For example, your internal team may be managing your current compliance process effectively but feel less confident about new projects you have in store, such as retention projects or third country data transfers.
Rather than exposing your company to any risks by hoping you’re applying the right rules and processes, it’s a much smarter move to safeguard your company’s data and reputation by following the guidance of a GDPR consultant.
Compliance knowledge in action in your company
As well as helping improve internal knowledge, a consultant can be instrumental in securing greater internal buy-in of GDPR processes and investment. If you’re struggling to get employees to follow compliance regulations or various departments or managers aren’t aligned in the necessary direction, an external expert is often extremely helpful in giving your project the extra weight and validity it needs to unite your company.
Our clients often tell us that it’s more efficient and transparent to have our team hold the GDPR workshops because we bring an unbiased view and angle to the project. Having a neutral presence allows a company to focus on the steps they need to take without the interference of workplace tensions or office politics.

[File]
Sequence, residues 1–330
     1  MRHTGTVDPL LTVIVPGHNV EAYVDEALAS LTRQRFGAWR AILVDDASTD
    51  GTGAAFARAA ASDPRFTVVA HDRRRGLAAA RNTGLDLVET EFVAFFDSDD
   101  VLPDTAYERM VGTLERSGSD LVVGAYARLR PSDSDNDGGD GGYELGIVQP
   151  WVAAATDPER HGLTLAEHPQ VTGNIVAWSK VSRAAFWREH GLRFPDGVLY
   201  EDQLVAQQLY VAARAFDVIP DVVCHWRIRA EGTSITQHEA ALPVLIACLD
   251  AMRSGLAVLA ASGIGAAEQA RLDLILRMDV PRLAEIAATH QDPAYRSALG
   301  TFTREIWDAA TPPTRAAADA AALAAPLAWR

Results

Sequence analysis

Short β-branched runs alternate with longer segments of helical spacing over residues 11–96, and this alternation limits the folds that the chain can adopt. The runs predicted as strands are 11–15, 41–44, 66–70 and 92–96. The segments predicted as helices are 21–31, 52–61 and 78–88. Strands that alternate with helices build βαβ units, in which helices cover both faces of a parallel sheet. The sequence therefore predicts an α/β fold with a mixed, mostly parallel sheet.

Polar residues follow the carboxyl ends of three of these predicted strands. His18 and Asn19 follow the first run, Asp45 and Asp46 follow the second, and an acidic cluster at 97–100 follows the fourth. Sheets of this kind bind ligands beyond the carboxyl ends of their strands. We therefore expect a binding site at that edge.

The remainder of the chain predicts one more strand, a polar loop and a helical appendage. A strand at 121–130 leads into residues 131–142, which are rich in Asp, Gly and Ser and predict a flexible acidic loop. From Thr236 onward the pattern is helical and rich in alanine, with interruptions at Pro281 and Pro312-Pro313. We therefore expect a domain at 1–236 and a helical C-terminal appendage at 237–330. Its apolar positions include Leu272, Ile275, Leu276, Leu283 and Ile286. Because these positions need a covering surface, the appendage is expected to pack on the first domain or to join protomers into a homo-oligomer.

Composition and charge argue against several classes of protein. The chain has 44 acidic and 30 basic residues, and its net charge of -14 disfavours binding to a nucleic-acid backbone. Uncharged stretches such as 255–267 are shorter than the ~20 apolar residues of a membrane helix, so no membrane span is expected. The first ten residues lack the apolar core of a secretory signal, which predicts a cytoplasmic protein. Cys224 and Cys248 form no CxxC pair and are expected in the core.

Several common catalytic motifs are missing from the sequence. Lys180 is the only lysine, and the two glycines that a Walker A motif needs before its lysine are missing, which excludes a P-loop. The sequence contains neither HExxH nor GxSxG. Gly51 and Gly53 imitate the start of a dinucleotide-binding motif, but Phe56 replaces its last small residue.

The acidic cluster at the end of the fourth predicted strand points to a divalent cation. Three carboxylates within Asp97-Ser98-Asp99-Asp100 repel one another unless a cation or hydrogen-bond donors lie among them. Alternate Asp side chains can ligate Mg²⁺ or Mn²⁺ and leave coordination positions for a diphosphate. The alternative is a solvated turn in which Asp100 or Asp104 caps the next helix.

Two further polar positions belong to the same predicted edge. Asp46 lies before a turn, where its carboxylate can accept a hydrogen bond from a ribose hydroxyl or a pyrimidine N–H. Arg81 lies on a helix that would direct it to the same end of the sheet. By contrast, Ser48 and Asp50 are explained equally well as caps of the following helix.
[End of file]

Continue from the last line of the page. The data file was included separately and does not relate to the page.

3. The sensitivity of your data
While it’s true that all data needs protection, the more sensitive your data, the greater your need will be to invest in GDPR products and services.
For example, if you’re operating in a highly regulated industry such as healthcare or finance, a potential data breach of personal information will generally be more costly and risky than if you work in the retail sector and capture minimal personal data. So, the higher the risk, the greater your investment should be in protecting your data.